Where’s Your Sandwich?



I went out to eat with my family a few years ago at one of those gas station places with multiple fast food joints inside.  We went our separate ways to get food, and I ended up at Subway.  The line was long and by the time I got to the front of the line my family was already sitting down with their food.

The girl behind the counter was a sandwich making machine.  She had multiple orders going at once.  She asked me what I wanted, put the meat and cheese on the bread, and then asked me if I wanted it toasted.  I said yes, so she put my sandwich in the oven behind her and turned back to help the guy in front of me.

After she finished making his sandwich, she turned back to me and asked me what I wanted on mine.  I started naming off the ingredients:  lettuce, tomatoes, pickles … and she started loading them on the sandwich in front of her, which happened to belong to the next person in line.  I turned and looked at the lady next to me, who was starting to look distressed, and then said to the girl, “That’s not my sandwich.  It’s hers.”  I pointed to the distressed lady next to me. “And I don’t think she likes pickles.”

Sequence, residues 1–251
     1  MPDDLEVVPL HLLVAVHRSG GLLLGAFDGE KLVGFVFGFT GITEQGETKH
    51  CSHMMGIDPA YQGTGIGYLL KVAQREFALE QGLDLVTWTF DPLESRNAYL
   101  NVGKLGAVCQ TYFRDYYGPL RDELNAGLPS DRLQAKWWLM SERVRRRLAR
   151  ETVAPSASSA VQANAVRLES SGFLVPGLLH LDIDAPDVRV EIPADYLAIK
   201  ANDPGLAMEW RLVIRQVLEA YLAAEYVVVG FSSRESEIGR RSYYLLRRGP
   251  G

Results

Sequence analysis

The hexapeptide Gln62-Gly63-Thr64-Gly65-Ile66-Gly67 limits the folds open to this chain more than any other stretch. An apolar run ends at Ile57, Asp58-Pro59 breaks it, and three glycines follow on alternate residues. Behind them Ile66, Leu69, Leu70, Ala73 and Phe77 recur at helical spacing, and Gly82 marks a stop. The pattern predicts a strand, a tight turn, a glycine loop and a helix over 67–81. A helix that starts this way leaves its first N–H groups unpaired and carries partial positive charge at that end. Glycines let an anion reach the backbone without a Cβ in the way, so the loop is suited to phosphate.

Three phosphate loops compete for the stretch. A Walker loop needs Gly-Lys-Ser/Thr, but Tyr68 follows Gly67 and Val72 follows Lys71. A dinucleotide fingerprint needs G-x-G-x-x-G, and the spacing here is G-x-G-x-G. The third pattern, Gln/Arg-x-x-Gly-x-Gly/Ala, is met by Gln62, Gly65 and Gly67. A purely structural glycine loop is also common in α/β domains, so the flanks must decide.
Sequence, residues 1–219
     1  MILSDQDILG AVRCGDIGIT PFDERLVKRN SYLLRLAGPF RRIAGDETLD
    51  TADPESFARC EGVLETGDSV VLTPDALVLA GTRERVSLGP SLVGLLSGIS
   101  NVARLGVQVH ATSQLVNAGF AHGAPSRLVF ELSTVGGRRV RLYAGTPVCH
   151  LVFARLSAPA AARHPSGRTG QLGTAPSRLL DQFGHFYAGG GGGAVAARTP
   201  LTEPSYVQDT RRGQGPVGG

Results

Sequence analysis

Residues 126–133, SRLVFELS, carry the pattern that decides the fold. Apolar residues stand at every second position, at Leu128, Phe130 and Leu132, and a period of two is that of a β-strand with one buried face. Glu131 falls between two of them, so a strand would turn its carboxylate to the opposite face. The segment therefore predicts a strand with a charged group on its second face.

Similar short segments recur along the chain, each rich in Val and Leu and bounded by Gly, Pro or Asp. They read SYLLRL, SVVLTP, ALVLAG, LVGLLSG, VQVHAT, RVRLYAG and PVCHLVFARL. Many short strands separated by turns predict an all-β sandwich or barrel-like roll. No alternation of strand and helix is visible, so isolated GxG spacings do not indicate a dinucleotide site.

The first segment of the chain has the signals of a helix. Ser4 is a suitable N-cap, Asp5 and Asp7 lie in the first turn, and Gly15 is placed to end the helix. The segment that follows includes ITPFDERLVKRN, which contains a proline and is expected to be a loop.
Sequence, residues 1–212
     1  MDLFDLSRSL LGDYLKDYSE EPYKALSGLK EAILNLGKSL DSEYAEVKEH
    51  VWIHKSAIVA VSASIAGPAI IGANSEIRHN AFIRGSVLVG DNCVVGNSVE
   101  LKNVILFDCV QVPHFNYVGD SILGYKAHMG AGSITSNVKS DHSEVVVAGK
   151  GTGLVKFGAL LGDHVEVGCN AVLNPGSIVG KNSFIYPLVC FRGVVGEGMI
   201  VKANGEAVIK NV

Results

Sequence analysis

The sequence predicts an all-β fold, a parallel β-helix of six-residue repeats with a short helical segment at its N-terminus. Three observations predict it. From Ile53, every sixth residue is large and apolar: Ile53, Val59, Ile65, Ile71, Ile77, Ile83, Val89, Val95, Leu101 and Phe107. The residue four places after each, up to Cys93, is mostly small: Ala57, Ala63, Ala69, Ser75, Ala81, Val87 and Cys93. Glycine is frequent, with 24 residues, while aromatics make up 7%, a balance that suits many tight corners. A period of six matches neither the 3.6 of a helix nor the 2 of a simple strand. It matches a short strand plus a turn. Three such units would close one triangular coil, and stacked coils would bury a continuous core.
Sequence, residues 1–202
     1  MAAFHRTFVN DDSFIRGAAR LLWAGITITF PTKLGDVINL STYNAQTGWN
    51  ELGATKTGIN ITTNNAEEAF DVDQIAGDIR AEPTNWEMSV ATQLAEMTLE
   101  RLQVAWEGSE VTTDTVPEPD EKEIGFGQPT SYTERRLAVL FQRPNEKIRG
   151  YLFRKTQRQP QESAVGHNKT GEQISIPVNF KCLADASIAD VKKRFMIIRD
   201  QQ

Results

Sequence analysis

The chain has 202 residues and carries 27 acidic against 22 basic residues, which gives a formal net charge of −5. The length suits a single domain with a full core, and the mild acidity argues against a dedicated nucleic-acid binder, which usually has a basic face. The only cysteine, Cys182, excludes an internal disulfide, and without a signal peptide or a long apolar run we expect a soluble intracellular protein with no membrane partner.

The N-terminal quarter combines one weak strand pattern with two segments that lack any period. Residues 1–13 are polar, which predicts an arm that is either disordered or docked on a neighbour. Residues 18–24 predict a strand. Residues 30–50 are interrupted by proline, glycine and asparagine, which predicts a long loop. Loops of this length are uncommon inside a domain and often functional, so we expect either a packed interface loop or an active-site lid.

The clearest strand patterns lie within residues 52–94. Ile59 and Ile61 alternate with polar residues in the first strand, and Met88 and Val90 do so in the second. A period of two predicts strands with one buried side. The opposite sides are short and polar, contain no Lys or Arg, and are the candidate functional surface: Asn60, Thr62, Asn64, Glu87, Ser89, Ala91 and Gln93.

The girl stopped with a confused look on her face and asked the lady, “Is this your sandwich?”

When the lady nodded, the girl turned back to me and said, “Where’s your sandwich?”

I had to explain to her that my sandwich was still in the oven behind her (where she had left it).

This is a funny story and has become a running joke for my family.  Whenever one of us gets confused, or in a hurry, we ask each other, “Where’s your sandwich?”

Marketing makes me feel that way:  Reading through all the advice, trying to figure out what to do next, wondering if you forgot something.  I feel like that girl in Subway hurrying to get it all done and losing track of what I have in front of me.

All you can do at that point is to stop, take a deep breath, and turn to your customer and ask, “Where’s your Sandwich?”


Where’s your Sandwich?

By the way, I’ve lost my taste for toasted sandwiches.  It probably has nothing to do with this story (maybe).